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Don Giovanni, Carmen and Parkinson's

Posted Oct 14 2009 10:03pm

Don Giovanni, Carmen and Parkinson's? Those of you who can scratch your heads no doubt are scratching them right now, wondering what the connection is. But in fact Parkinson's is now the subject of an opera Gravity and Grace.

An opera about a disease that can leave you unable to move or speak, much less sing? It's a surprising choice of subject matter, but rife with dramatic possibilities. I have no clue how the story of this production goes, but I could easily write a story for a PD opera of my own.

One can imagine the hero shuffling onstage and singing at barely audible volume as other singers keep repeating "What? What?" Mystified by his condition, the hero goes to a series of doctors who misdiagnose him until the climax of the first scene when a movement disorder specialist informs him that

"You've got Par-har-har-harkinson's disease, my friend! It's progressive!"

(Chorus: "PROGRESSIVE!")

Doctor: "Incurable!"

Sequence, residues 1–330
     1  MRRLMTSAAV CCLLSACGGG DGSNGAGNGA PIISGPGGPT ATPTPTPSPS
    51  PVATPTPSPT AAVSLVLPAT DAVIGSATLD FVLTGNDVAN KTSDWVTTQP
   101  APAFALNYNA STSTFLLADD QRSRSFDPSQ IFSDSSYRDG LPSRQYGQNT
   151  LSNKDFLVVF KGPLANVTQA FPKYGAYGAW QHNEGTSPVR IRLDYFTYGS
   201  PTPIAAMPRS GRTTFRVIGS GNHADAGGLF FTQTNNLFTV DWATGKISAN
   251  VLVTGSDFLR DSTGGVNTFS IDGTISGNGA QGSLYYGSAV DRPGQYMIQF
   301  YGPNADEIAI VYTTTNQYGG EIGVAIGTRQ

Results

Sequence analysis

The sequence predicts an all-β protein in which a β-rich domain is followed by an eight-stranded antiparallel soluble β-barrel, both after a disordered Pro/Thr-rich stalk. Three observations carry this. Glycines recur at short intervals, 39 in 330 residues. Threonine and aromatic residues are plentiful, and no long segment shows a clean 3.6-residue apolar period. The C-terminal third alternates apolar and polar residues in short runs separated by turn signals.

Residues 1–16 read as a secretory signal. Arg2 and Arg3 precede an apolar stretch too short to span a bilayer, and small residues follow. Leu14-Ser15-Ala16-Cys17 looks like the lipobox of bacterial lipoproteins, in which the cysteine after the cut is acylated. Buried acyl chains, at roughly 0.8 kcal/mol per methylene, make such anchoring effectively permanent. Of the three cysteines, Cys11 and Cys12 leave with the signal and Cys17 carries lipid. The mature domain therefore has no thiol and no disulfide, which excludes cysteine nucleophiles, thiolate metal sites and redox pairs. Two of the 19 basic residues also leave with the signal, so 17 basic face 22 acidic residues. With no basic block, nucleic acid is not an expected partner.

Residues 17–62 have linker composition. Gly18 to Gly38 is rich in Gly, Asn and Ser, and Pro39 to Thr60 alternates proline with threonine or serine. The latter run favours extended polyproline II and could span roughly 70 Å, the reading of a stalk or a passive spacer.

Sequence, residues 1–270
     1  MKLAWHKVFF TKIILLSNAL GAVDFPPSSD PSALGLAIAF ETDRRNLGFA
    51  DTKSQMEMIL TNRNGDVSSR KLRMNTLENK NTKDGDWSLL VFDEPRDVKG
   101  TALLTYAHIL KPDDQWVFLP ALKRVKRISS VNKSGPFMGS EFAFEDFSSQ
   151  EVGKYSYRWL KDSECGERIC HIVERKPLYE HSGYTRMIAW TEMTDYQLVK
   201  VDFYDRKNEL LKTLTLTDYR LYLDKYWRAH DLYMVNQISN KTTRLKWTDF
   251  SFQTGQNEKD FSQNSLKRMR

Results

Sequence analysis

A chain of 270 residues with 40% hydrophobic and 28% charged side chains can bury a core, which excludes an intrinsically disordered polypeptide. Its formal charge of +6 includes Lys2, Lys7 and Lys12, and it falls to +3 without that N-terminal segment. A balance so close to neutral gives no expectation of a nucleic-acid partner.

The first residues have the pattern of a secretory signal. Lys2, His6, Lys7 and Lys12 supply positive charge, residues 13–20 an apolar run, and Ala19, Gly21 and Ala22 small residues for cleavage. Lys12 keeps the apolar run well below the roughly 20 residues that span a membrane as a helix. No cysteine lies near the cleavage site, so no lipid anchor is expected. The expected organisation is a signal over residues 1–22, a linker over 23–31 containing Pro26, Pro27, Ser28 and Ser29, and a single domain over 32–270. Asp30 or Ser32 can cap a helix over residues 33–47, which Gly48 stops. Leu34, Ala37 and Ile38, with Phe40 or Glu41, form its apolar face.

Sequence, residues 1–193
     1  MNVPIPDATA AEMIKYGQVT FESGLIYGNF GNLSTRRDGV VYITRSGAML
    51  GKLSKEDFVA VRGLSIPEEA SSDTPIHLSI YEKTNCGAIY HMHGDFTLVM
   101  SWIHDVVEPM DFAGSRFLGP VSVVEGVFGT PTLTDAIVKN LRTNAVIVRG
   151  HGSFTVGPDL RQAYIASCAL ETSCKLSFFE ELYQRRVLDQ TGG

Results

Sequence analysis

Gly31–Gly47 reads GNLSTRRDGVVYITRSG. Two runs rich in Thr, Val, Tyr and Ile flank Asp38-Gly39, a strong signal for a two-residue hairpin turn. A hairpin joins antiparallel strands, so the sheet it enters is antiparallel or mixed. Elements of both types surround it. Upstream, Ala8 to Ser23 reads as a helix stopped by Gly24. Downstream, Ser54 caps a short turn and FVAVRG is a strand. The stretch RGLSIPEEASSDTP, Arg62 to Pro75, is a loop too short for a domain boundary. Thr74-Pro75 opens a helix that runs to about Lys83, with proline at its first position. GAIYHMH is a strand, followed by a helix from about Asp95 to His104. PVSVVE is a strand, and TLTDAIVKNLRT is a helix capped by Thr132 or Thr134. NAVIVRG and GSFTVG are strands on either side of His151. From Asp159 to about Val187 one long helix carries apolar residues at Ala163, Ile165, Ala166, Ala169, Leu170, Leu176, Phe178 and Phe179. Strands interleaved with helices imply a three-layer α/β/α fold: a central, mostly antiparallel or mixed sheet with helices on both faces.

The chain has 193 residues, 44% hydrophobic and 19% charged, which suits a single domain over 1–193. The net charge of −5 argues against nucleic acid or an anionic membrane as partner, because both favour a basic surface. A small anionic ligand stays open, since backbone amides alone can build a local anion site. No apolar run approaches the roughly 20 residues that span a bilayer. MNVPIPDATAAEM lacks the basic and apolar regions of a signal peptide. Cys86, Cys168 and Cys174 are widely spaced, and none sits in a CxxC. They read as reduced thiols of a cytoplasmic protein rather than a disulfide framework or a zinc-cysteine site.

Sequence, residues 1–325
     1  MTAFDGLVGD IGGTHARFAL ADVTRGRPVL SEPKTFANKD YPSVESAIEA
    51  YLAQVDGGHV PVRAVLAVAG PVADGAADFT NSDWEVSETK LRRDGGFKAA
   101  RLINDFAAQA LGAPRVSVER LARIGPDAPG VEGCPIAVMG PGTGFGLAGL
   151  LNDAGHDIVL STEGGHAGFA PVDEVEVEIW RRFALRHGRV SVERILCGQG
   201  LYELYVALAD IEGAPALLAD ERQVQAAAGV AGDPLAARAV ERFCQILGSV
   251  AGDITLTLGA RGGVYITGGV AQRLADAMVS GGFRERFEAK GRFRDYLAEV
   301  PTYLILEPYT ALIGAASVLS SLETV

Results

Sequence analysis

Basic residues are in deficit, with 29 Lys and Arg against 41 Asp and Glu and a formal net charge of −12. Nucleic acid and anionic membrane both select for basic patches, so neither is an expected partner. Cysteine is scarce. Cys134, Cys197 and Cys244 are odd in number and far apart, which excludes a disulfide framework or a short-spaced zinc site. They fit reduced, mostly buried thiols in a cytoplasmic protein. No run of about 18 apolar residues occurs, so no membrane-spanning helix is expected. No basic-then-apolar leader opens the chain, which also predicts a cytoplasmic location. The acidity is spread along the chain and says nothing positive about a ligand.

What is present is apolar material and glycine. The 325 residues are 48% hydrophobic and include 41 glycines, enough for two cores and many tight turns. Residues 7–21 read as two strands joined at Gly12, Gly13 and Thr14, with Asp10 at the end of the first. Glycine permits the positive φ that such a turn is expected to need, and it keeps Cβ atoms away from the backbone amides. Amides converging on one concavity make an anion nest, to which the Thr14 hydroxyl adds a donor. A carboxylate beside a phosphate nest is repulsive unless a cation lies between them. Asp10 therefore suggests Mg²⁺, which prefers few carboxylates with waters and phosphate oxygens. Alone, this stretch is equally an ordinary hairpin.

Chorus: "INCURABLE!")

Doctor: "And practically unendurable!"...

(Chorus "UNEDURABLE! UNENDURABLE! UNENDURAAAAAAABLE!")

Doctor: "But a handful of these magic beans will see you through the next few scenes, they may result in sex compulsion or cause you strange unwanted motion. And when at last you cannot maintain, if all goes well we'll put a wire in your brain."

Chorus: "And come the day you can't maintain, you'll hope for wire into your brain, your brain, your gray defective brain"

Our hero clutches his head as the lights fade to black and the curtain falls on scene one.

Whew! Just contemplating the possibilities for scene two, the mind boggles at the operatic potential as the hero fights depression, financial ruin, family crises, and the loss of all that is known of normal life and everyday expectations. The possibilities for tragedy and redemption are there for anyone involved with this disease to see.

The question goes from "An opera about PD? How can you do that?" to "Why didn't I think of that first?" Followed by the realization that if I had thought of it first, I'd never have the momentum to get it off the ground. So here's congratulations to the authors for imagination and passion. Break a leg.
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